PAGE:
Summary: The sixth station of the Via Crucis (Stations of the Cross) is entitled: “Veronica wipes the face of Jesus”.
A meditation accompanying this station reads: “As Jesus proceeds on his way covered with the sweat of death, a woman moved with compassion makes her way through the crowd and wipes his face with a towel. As a reward of her piety, the impression of his countenance is miraculously imprinted on the towel”.
Patrick Duffy looks at the devotion to St Veronica and its history.
History or legend?
This devotion, popularised in the nineteenth century, has made Veronica into a well known saints. She even has a statue in St Peter’s Basilica in the Vatican. But it seems certain that she is a total legend coming from the very understandable desire to know what Jesus actually looked like, a desire to see the face of Jesus. No reference is made to Veronica or the towel in the canonical Gospels.
A relic of Jesus (a true image)
From the 8th century there existed at Rome a relic said to be a sudarium (or “sweat towel”) used to wipe Jesus’ face. By the 12th century claims were being made for a number of these that were said to have the image of the face of Jesus imprinted on them. Disputes arose as to which of these was the vera icon (or “true image”). Giraldus Cambrensis (1146-1223), a clergyman from Wales who visited Rome three times, gives evidence of this in his work Speculum Ecclesiae.
Ordinary language turned this vera icon into veronica (or “the veronica”) and this lady is often identified with the woman with the haemorrhage cured by touching the hem of Jesus’s cloak (Mk 5:21-43), whom the apocryphal Acts of Pilate call Berenike. It was a short step from that to Veronica’s veil becoming an object of veneration in St Peter’s in the late Middle Ages. This is mentioned by both Petrarch and Dante. Pope Innocent III had it publicly displayed and granted indulgences for those praying before it.
Devotion to the Holy Face
Devotion to the Holy Face of Jesus then became so popular that the same Pope Innocent III authorised a Mass and Office of the feast of the Holy Face in 1216. In 1297 Pope Boniface VIII had Veronica’s veil transferred to St. Peter’s and displayed as one of the mirabilia urbis (“wonders of the city“) for the pilgrims who visited Rome for the Holy Year in 1300AD to see.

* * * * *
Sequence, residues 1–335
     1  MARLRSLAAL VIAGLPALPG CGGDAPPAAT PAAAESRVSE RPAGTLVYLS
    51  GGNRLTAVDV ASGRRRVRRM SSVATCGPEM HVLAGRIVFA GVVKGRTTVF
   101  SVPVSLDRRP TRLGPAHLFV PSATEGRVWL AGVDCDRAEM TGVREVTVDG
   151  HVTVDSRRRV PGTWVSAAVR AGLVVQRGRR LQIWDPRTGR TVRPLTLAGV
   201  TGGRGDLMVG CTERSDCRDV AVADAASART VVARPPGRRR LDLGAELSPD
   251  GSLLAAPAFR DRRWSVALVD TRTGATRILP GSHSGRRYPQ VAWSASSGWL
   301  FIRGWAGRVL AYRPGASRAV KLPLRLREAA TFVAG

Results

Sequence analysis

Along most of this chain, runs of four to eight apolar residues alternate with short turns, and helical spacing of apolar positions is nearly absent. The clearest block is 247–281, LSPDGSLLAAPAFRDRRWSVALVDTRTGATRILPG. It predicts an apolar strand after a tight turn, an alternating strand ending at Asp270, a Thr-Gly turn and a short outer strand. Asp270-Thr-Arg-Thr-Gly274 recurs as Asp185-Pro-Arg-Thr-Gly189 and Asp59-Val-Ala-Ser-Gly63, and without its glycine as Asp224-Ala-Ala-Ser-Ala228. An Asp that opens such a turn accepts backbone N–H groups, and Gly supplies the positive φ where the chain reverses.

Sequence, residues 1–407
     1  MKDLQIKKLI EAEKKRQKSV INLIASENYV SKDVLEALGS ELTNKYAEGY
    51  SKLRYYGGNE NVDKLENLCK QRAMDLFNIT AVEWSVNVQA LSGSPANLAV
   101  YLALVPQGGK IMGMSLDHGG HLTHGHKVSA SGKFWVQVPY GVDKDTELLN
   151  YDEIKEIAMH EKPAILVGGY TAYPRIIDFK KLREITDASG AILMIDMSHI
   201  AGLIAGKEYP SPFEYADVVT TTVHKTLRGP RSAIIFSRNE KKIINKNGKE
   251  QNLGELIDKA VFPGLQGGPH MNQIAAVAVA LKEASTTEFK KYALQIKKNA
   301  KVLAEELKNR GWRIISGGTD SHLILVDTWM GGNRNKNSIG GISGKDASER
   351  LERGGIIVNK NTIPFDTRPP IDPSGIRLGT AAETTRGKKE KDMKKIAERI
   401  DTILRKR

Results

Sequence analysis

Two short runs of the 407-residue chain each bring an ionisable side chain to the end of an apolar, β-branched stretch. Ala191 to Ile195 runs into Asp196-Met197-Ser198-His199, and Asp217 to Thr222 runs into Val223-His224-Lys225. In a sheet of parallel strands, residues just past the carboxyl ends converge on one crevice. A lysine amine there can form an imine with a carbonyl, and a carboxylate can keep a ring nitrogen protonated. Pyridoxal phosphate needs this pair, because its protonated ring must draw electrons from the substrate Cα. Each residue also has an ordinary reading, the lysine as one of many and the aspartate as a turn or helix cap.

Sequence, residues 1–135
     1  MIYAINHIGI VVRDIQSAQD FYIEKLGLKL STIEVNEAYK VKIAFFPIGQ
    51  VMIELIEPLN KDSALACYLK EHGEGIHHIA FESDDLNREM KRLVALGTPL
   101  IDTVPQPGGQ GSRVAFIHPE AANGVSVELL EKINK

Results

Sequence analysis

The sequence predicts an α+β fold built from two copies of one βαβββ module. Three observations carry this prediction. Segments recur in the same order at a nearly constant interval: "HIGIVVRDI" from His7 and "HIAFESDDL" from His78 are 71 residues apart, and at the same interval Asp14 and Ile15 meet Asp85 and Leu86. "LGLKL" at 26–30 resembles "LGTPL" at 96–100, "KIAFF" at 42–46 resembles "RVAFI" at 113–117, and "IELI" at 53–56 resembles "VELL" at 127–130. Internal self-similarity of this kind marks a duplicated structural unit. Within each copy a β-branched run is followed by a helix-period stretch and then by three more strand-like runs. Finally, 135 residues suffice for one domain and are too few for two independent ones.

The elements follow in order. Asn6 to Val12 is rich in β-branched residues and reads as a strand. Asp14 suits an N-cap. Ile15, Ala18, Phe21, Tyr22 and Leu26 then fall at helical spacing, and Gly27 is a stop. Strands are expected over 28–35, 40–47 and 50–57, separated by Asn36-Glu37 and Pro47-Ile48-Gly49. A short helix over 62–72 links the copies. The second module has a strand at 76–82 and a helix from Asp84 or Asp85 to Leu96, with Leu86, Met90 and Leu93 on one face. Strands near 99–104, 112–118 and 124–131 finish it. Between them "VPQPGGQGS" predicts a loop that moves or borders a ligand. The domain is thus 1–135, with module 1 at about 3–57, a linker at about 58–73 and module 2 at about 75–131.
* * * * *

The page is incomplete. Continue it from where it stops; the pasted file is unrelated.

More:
Statue in St Peter’s
In the 17th century the veil was found hidden in a relic chamber built by Bernini into one of the piers supporting the dome of St Peter’s. By this time a more critical historical approach to relics had set in and St Charles Borromeo had the Mass and Office of the Holy Face suppressed in Milan. But the shrine and a statue of St Veronica remain in the Basilica of St Peter’s in the Vatican till this day.
The mandylion of King Agbar of Edessa and the acheiropoietos icon
Another claimant to be the true image of Jesus from the East was the mandylion (“towel” or “handkerchief”) from Edessa in Syria, which was said to have been given by Jesus to his contemporary King Agbar of Edessa. This was at first reported to be a picture painted by the messenger who came requesting Jesus to come and heal him. But it later developed into “an image not made by hands” (acheiropoietos) and in the 8th century became the justification of Eastern Orthodox iconography. John of Damascus, the leading proponent of the teaching favouring icons as opposed to the Iconoclasts, says that Jesus “is said to have taken a piece of cloth and pressed it to his face, impressing on it the image of his face, which it keeps to this day” (On the Divine Images I).
That a compassionate woman could have wiped the face of Jesus is not to be discounted. Christians are free to ponder such an action and its motivation. But St Veronica was not mentioned in any canonical gospel nor in any of the earliest martyrologies, nor is she named in the Roman Martyrology today. Neither does she currently have any liturgical celebration in the Catholic Calendar of the Universal Church.